‘What Should I Get?’ You’ve probably had to bite your tongue to avoid replying with ‘how should I know?’ more times that you can count every time someone asks you this. If your client doesn’t know what they want, then they probably shouldn’t get tattooed. Tattoos are for life, so it’s important that your customer understands that he or she needs to be 100% committed to their design, or they will end up hating it.

‘Will it Hurt?’ Considering that tattooing is the process of inserting pigment into the skin’s dermis, it will always hurt! No matter whether the tattoo is small or large, a certain amount of pain is to be expected, although it’s far from excruciating. When they ask this question, your clients already know this – what they want is reassurance. Yes, it will hurt, but the reward will be amazing, as they’ll finally get the tattoo of their dreams. In the end, though, it all depends on the person’s pain threshold. That said, some people will scream no matter what you say!


‘Can You do the Whole Sleeve Now?’ ’No’, is the answer you probably give a thousand times a week, so you might be sick of answering this question. Your clients are impatient to get your art on their skin, which is understandable, although they might overestimate the amount of work involved. There’s a lot of tattooing involved in a sleeve, which is usually split into multiple sessions – a lot of people may not be aware of the time it takes to do a tattoo, so just discuss it with them so that they understand.

‘Can You Tattoo This Other Artist’s Design?’ Take a deep breath. This question comes up quite a lot and the client is probably not aware that this question can be considered rude, since tattoo artists don’t like to copy other artists’ work. It’s one thing to be inspired by something or use an image as reference but, no matter how much your customers love the original design they saw online or on someone else’s arm, it’s important that they realise you won’t copy it as is.


Tattoo being made_2


‘That’s too Expensive, Can You Go Lower?’ Few things are as frustrating as having your customer negotiate the price like they’re in a flea market! While you may be upset at this, they probably didn’t mean to make you feel undervalued. Because tattoos can be expensive, some people will always try to bargain, and don’t realise that you do get what you pay for. Explaining how it all works will no doubt ensure that your customers understand that to get a quality tattoo they need to pay for that quality.

We understand that it can be frustrating having to answer the same questions every day, so we aim to help you deal with them! Feel free to contact us at anytime if you have any questions about our services and products and we’ll be more than happy to help.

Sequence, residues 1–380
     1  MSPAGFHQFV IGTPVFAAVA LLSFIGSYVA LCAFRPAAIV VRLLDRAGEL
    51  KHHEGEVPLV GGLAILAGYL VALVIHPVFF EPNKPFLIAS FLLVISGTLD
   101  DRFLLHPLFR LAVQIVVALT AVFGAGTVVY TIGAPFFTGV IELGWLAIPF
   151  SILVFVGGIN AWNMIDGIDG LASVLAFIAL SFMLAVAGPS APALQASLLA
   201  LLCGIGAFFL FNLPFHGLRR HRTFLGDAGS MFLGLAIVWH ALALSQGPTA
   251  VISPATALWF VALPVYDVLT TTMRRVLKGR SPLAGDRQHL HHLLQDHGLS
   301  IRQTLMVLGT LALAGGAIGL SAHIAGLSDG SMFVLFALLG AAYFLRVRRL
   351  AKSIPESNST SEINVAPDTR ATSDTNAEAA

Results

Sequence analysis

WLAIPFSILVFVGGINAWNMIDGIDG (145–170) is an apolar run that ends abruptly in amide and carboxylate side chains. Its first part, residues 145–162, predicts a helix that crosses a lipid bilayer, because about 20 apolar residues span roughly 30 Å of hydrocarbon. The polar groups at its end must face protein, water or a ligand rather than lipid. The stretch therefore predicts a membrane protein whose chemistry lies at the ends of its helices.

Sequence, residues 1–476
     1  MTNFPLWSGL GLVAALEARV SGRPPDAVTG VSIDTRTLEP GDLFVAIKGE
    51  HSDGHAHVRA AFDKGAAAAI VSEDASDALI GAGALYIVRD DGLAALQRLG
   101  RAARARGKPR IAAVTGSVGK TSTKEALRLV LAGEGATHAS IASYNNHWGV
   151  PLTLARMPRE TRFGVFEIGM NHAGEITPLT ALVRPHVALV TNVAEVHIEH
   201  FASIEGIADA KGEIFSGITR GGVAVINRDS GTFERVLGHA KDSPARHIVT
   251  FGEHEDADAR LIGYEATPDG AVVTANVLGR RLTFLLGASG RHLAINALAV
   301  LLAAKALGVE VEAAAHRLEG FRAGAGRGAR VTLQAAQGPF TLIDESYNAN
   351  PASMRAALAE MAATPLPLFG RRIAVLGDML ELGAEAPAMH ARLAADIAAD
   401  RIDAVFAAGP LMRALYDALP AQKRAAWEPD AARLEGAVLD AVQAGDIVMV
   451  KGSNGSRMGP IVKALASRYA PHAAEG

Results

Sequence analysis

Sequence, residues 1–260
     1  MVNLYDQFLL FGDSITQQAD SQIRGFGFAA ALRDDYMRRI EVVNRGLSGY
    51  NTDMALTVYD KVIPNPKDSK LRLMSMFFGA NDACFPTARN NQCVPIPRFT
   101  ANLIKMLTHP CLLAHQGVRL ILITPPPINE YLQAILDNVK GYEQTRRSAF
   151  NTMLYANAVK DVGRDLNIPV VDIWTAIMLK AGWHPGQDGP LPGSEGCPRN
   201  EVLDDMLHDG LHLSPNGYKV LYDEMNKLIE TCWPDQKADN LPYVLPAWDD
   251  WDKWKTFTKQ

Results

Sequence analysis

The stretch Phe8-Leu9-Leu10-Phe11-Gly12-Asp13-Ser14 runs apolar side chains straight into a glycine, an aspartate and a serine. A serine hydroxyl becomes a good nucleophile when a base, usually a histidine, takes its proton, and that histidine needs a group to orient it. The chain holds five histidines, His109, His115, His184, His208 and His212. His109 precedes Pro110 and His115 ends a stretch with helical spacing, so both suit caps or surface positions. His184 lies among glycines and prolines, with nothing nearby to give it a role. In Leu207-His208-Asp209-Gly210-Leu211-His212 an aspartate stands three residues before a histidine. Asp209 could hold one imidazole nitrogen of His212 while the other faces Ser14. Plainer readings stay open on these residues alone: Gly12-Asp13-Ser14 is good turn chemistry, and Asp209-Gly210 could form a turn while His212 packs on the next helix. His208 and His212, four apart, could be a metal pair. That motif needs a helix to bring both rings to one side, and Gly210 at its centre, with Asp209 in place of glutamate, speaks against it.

Everything You Need to Know About: Sleeve Tattoos


A tattoo is a big commitment; a whole sleeve tattoo even more so. Often, with the help of the right tattoo artist, these pieces can be less tattoo and more genuine piece of art. It can be a real statement that defines your client and as such is not a piece to be taken lightly.

There are a number of things that you should advise anyone thinking of getting a full sleeve tattoo to consider. It’s a serious, life altering, decision and you should have a few key issues to discuss with your client as you develop tattoo ideas.

A Full Theme


There is an endless sea of ideas from which your clients can pluck their tattoo sleeve. Whether it is close to their heart, a style they find cool or a lifelong passion in tattoo form, the design can be everything. A mismatch that makes no sense can be the tattoo of their dreams, but it might not look as good as something with a coherent theme. So, it might be dragons or flowers or moon rocks for all anyone else knows, but help your clients plan a theme that you can then design around. They may find it looks better in the long run!

Colour or Not


Any tattoo you might create has an important question to answer: should it be in colour or black and white? As a large piece a sleeve can be the perfect candidate for a fully coloured tattoo. A lot of popular sleeve designs, such as mermaids or religious scenes, pop fantastically when they are done in colour. But that doesn’t necessarily mean that it won’t look even better in black and white. This is obviously a personal decision for your client to make, but if you think that one or the other works better stylistically then it is best to let your client know this early in the process.

Why Shouldn’t They Get a Full Sleeve Tattoo?